One of the reasons the quarterbacks in general fared worse on the second day of practices was because the offensive line, as a whole, didn't hold their blocks for very long. Remember, there are no pads on for these OTAs, and I'm not sure if these guys actually broke down in protection or were "coached" to make the passers feel pressure, but on numerous occasions the QBs had to scramble away from the rush or were otherwise hurried. Anthony Dixon and Mike Iupati were both on the second team, at right tackle and left guard respectively. They'll have to earn their way to play with the big boys. Interestingly, guards David Baas and Tony Wragge both took some snaps at center, with the former struggling in shotgun situations. Alex Boone, who has remade his body in the off-season got some looks at second team left tackle while swing tackle Barry Sims has a ways to go work on his conditioning.
As far as the running backs go, rookie Anthony Dixon looked a bit faster and more explosive to my eye than he did during the rookie camp, but Tom Rathman, his position coach wasn't anywhere close to satisfied with him in drills, chastising the rookie for taking "false steps." Dixon did look fairly comfortable as a receiver, though he hesitates a bit from catching the ball to turning it upfield. He doesn't do it all in one smooth motion. Glen Coffee, last year's third round pick is bigger now, about 220 pounds, but doesn't seem to have lost any speed. His receiving has improved some as well.
Perhaps the best two players in camp so far have been the starting receivers, Michael Crabtree and Josh Morgan. Crabtree seems to have really benefited from being in the off-season program and no one here can stay with him on routes. He's also catching the ball cleanly and looking like the "YAC" guy he was in college. Morgan, meanwhile, has shown good hands and is getting a lot more work on intermediate routes than he did during the season last year. He looks pretty good. The first team guys have gotten the lion's share of the reps and all the other guys have been up and down so far. Jason Hill made a couple of nice leaping grabs, but there were a few drops on Monday that left Singletary stewing. "We have some guys that have to get used to catching the ball again," he said. "For some guys it's natural, and for others it's not."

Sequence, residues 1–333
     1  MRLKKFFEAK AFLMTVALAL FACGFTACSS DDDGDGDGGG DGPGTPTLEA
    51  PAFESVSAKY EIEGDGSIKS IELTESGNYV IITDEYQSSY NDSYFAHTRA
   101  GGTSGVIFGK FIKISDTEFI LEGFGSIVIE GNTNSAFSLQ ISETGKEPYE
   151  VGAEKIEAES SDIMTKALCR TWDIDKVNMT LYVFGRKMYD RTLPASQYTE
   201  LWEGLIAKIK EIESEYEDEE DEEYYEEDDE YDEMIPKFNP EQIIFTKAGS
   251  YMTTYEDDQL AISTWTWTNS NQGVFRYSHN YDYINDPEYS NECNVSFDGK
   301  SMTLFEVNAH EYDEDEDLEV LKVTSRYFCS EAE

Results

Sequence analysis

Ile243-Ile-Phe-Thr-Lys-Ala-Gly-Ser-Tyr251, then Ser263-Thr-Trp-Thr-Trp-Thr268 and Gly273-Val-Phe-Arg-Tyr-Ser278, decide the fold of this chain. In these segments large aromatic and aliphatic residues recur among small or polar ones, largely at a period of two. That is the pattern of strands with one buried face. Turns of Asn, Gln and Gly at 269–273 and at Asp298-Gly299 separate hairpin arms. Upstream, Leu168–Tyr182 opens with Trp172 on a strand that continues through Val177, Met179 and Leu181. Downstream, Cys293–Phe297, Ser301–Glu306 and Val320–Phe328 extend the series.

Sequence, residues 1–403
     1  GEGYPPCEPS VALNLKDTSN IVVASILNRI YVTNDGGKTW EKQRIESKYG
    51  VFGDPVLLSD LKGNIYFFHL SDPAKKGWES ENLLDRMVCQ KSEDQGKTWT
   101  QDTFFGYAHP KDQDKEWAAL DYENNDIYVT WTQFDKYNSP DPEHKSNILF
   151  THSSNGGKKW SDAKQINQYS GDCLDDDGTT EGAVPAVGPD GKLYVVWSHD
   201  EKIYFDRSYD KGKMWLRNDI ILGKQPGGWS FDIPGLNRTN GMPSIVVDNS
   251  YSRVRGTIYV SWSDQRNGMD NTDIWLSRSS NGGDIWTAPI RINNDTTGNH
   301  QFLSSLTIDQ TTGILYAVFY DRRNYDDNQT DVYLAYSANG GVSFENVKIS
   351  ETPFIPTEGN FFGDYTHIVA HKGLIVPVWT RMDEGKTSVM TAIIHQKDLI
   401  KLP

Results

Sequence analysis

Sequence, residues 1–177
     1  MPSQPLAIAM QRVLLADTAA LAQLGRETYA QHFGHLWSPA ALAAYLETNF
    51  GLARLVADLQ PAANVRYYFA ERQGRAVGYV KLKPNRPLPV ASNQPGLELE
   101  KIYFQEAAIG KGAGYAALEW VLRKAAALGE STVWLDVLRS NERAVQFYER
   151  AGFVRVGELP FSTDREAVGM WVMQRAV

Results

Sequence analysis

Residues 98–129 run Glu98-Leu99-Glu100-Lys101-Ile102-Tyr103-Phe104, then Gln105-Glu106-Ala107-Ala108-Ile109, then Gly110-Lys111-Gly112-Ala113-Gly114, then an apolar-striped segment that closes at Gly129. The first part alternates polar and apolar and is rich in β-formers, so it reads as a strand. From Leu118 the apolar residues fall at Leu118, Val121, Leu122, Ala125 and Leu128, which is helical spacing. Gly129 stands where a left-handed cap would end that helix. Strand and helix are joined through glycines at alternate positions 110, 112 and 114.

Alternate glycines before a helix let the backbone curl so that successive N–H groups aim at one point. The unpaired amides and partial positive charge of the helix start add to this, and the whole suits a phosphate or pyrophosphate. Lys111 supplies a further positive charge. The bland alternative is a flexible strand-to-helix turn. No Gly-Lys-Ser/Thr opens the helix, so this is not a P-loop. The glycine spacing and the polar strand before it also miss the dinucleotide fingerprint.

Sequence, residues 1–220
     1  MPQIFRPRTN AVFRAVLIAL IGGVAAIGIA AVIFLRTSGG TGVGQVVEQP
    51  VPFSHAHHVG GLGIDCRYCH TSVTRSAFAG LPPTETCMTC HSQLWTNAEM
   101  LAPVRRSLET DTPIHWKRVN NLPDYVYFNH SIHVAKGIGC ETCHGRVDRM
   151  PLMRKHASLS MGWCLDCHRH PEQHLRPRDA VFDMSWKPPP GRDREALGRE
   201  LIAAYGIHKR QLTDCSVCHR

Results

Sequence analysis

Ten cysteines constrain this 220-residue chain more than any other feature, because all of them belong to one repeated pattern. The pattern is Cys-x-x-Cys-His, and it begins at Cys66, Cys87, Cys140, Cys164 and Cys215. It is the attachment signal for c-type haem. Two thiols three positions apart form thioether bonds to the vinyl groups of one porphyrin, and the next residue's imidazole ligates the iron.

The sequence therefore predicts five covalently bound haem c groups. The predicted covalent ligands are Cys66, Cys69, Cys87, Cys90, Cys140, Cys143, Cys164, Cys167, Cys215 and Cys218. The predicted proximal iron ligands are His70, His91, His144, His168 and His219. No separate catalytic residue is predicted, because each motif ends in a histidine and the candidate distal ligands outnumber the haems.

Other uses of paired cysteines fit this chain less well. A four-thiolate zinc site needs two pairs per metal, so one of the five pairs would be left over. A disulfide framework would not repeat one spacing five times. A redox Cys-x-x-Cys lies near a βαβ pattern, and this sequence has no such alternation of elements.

And yes, that was Ted Ginn who he was referring to.
In the tight end group Vernon Davis has been surprisingly mellow so far, but Curtis has been the busy man, hauling in a lot of short and intermediate passes. He looks faster than I expected. Delanie Walker is also getting a lot of work. The team is practicing mostly in their "12" package, meaning one running back and two tight ends, so all the guys are getting a ton of reps. Rookie Nate Byham has mainly been a blocker, from what I could see.
Defensively no one really gets to stand out during these practices because hitting isn't allowed and the defensive backs have been instructed to pull up and let receivers catch any ball that's close to them. Singletary was livid after Crabtree and Tarell Brown collided on a jump ball during Monday's practice (with Brown definitely the worse for wear on that one), yelling, "Let's take care of each other out here!"
Afterward he told the writers, "We told them if the receivers have a chance to catch the ball, let them catch the ball, but I guess it didn't sink in."
On the passes wayward enough for them to make plays on however, the secondary has been excellent. Reserve corner Keith Smith did his best impersonation of Giants Super Bowl hero David Tyree, pining a ball against his helmet to secure an interception, while safety Reggie Smith made a couple of fine grabs of his own. Newly-signed seventh round pick Phillip Adams showed good concentration plucking a ball out of the air that bounced off Ginn's hands on Monday.
Finally there were the special teams drills where Ginn, rookies Kyle Williams and LeRoy Vann and receiver Brandon Jones were all taking turns fielding punts. I can tell you without a shadow of a doubt that Jones was just there for show and he will not be in the mix once the season starts. Williams looked the smoothest catching the ball from the beginning of the drill to the end, while Vann calmed down after some initial nerves and looked good as well. Ginn looked rather bored and disinterested by the whole thing and it's worth noting that he didn't really return punts for the Dolphins much outside of his rookie year. He's more of a kickoff return guy. I wonder what the coaches think about his practice habits so far...
There's still two days of these practices to go, and so far the only real news, as well as the best news, is that no one's gotten hurt. In May, that's all you can ask for.